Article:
In photography the 'Elements of Art' are more further described as: Light; Color, Tone and Contrast; Texture (pattern); Focus and Depth of Field; Viewpoint; Space and Perspective (shape); Line; Balance and Composition.

The basic 'trick' of photography is to take a 2-dimensional medium (flat piece of paper or computer screen) and make it look 3-dimensional (more like the eye sees). A photograph that succeeds at this first objective is worthy of further consideration. If it fails on this point, it probably won't do well on many others.

Let's say I were a corporate buyer of photography or a bride looking for a good photographer comparing lots of different images, before I got too emotionally involved in the images, I would first evaluate the technical aspects of the photography. Evaluating images on a quantitative, scientific, rational level is much easier than an emotional or personal preference (taste) level. (That's also why the favorite picture you took may not be 'technically sound' from a 'rules' standpoint but does the most for you on an emotional level based on the time, place, people, etc. and it may not do the same emotionally for someone else --remember uncle Ed's vacation photos?) I would quickly view images looking for 'unintentional' technical problems; no detail in the highlights or shadows, too dark, too light, bad-harsh lighting, strange shadows, un-natural looking poses, strange color casts i.e. blue, purple or orange wedding dresses or skin-tones, etc. Every photographer will have some good images and some bad ones, if they are showing you the 'best of their best' and there are a lot with technical problems you will quickly recognize that the one or two 'cool images' in their portfolio are accidents and may never be repeated again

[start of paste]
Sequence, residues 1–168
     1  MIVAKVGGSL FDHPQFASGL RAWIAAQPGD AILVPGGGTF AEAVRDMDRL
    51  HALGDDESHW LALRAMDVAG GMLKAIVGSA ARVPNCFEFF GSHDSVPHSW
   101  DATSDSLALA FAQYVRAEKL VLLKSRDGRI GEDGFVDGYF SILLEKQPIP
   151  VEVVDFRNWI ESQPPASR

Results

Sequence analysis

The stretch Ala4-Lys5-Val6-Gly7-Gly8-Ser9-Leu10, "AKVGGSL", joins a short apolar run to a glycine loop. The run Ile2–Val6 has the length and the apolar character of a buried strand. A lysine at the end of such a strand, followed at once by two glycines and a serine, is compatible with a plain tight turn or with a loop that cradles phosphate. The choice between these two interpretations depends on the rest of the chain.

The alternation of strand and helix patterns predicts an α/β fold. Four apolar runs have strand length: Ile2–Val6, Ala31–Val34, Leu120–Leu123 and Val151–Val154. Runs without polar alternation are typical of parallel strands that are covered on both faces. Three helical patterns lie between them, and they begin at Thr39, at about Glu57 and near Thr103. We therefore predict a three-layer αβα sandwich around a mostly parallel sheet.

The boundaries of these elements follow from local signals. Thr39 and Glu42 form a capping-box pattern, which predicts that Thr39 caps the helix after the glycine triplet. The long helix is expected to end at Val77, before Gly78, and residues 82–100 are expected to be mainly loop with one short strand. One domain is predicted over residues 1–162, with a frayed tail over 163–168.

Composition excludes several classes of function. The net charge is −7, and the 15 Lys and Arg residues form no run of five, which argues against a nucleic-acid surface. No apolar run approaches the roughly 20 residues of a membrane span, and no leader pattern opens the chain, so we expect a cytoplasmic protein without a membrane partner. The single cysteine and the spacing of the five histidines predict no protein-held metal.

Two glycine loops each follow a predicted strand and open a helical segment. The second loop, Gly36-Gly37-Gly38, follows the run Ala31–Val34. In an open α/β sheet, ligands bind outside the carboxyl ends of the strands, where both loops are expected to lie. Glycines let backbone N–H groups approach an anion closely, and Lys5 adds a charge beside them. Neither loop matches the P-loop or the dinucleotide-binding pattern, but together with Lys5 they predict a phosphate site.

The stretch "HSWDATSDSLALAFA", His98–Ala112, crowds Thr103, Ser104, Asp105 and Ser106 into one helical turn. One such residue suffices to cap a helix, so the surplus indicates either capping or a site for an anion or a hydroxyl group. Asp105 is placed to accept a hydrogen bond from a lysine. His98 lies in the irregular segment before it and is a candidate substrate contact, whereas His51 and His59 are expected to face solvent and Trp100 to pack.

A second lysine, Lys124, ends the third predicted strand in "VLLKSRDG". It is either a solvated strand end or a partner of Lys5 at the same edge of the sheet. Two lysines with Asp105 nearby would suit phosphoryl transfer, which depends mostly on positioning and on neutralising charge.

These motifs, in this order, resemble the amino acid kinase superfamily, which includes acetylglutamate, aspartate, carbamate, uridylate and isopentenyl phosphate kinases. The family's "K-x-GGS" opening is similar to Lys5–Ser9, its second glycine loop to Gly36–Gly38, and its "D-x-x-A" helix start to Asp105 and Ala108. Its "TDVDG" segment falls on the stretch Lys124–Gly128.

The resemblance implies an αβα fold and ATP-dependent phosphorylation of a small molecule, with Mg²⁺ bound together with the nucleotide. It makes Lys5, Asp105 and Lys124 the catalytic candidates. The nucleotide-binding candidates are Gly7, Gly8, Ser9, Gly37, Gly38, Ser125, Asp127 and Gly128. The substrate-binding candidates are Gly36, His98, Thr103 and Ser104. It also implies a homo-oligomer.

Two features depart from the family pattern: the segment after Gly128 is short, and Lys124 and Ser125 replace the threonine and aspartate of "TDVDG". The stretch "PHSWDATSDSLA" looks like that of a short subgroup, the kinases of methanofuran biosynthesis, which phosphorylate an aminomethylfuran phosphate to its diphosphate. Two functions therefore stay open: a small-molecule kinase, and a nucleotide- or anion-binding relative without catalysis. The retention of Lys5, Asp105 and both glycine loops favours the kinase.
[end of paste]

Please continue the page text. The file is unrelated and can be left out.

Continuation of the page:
More often in photography than in art, there is a specific purpose for which the photography was produced. When good photography goes bad is when the image is appealing but then later delivers disappointment when you discover you can't do with it what was hoped for. i.e. cool picture on your camera phone doesn't print well and can't be enjoyed on display. So often the same problem happens when an image looks great on that small computer screen on the back of your digital camera but looks blurry when enlarged and useless for print or commercial purposes.

Because photography is the 'recording of light' a good starting point in photography is the light, without it --there is no image. If I were looking at images to determine the best I would first look for the light --which really means you would look at the reflections of light in the image and the shadows that the light casts in the image. Is the light adding to or distracting from the image? Is it consistent with what the image is trying to convey? (harsh light on soft skin is unflattering) Does the light call attention to itself? Does the light add depth and dimension? or is it flat (straight on) creating a one-dimensional image? Too often a harsh on-camera flash creates ugly and un-natural looking shadows behind and to the side of the subject. Is this what the photographer wanted to create? OR does their choice and use of light tell you they really weren't paying attention? (still writing . . . more to follow)